When COVID-19 forced schools to halt in-person classes in mid-March, youngsters in turn were forced to spend an inordinate amount of time at home.

Then came Camp St. Clair.

“Almost every single day,” camp director Amanda Sekanic said, “we have a parent at drop-off or pickup who says, ‘Thank you so much for all you’re doing.’”

For seven weeks, wrapping up Aug. 7, the program at Boyce Mayview Park in Upper St. Clair is providing youngsters with opportunities to participate in a variety of educational, artistic and athletic activities, much to the relief of everyone who endured the most difficult stretches of coronavirus-related restrictions.

“They hadn’t seen each other since school shut down, so they’re just so excited to see their friends again,” Sekanic said about the campers, who have completed first through seventh grades. “They didn’t think they were going to see their friends this summer.”

Camp is offered through Upper St. Clair Recreation and Leisure Services, for which Sekanic serves as assistant community programs coordinator. She said the decision to proceed for 2020 came in late May, with a change in location from the usual Baker Elementary School.

“We have all of this space to be able to do it safely,” Sekanic said, with the expanse of Boyce Mayview Park featuring plenty of pavilions and athletic fields – that includes Sean Casey’s Miracle League of the South Hills facility – plus an outdoor Learning Lab and a system of trails by which campers can explore nature.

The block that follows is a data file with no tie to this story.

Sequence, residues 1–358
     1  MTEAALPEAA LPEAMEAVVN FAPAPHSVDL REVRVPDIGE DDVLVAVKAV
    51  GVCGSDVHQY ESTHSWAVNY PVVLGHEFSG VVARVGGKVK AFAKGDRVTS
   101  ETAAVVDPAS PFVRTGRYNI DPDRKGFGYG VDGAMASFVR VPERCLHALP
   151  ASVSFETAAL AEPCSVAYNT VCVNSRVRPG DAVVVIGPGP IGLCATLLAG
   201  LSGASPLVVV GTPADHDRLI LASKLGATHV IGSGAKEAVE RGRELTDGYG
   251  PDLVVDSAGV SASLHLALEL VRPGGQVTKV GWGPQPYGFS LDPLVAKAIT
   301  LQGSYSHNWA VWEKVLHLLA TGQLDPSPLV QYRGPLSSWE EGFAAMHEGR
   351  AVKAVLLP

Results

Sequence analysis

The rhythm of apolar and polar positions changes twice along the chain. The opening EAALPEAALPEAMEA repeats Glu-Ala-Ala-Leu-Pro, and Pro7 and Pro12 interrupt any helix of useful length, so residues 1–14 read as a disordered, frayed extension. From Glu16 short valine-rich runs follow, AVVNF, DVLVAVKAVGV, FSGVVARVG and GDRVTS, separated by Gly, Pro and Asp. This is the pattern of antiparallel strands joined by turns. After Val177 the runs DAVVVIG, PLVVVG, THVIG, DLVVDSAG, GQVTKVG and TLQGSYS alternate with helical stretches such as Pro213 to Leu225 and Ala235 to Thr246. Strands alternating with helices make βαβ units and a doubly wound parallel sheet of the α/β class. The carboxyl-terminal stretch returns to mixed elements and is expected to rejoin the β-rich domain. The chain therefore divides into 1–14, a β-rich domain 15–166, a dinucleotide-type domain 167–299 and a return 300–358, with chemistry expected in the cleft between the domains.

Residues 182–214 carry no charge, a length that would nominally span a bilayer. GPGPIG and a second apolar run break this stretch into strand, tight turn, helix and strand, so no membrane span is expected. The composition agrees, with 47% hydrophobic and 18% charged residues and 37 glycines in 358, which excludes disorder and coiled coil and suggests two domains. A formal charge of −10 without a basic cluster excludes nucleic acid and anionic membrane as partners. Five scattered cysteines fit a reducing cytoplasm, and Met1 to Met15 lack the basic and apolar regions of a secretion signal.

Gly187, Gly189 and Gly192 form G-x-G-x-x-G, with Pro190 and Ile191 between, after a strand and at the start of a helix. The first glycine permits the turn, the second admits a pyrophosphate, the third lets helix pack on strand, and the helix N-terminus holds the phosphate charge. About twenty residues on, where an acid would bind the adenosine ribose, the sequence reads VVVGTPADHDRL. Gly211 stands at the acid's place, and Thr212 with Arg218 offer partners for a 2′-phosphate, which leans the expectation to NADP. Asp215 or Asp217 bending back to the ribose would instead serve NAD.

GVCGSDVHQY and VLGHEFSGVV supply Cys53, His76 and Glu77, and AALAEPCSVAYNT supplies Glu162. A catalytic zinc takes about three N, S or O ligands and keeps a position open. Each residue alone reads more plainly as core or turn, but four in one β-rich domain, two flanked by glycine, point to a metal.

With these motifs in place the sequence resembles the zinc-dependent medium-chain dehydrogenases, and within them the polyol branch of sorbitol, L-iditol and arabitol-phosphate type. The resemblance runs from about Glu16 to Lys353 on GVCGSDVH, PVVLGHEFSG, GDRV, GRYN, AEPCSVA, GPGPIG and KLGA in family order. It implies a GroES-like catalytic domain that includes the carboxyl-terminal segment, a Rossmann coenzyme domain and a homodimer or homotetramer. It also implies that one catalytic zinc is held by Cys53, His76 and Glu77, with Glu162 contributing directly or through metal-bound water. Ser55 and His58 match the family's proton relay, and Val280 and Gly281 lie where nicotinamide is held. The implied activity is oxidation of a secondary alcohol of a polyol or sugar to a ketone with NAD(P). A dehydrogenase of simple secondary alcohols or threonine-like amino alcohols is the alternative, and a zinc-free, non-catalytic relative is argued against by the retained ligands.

Along with Upper St. Clair students, attending the program are youngsters from other nearby communities.

“They’re all fitting in and making new friends, and it’s really setting the stage for growth,” Sekanic said. “Now that we have established ourselves in the park, it will be here every summer. We’re definitely excited to see what we can do whenever we’ve emerged safely on the other side of this.”

Joining her in making sure everything goes smoothly are 18 counselors.

“As far as staffing, I use counselors who had been at camp before,” she said. “So parents were familiar with faces. They knew that their kids were coming to a safe place with recognizable people.”

To promote safety, the number of participants has been limited. Staff members wear masks, and water bottles are readily available to keep everyone hydrated.

“On days when it’s super-hot, we usually play some water games,” Sekanic said, and that helps compensate for this summer’s abnormal weather, especially for Pittsburgh. “We’ve only had two days where it’s actually rained, two days out of the past five weeks.”

Such conditions are amenable to people visiting Boyce Mayview Park. Many take note of Camp St. Clair, and Sekanic said they have a message for her and her counselors.

“We are so glad that you are providing something for kids,” she said.

For more information about Upper St. Clair Recreation and Leisure Services, visit www.twpusc.org/rec-leisure/rec-leisure-home.

Multimedia Reporter

Staff writer Harry Funk, a professional journalist for three-plus decades, has been on the staff of The Almanac since 2015. He has a bachelor’s degree in journalism and master of business administration, both from Indiana University of Pennsylvania.

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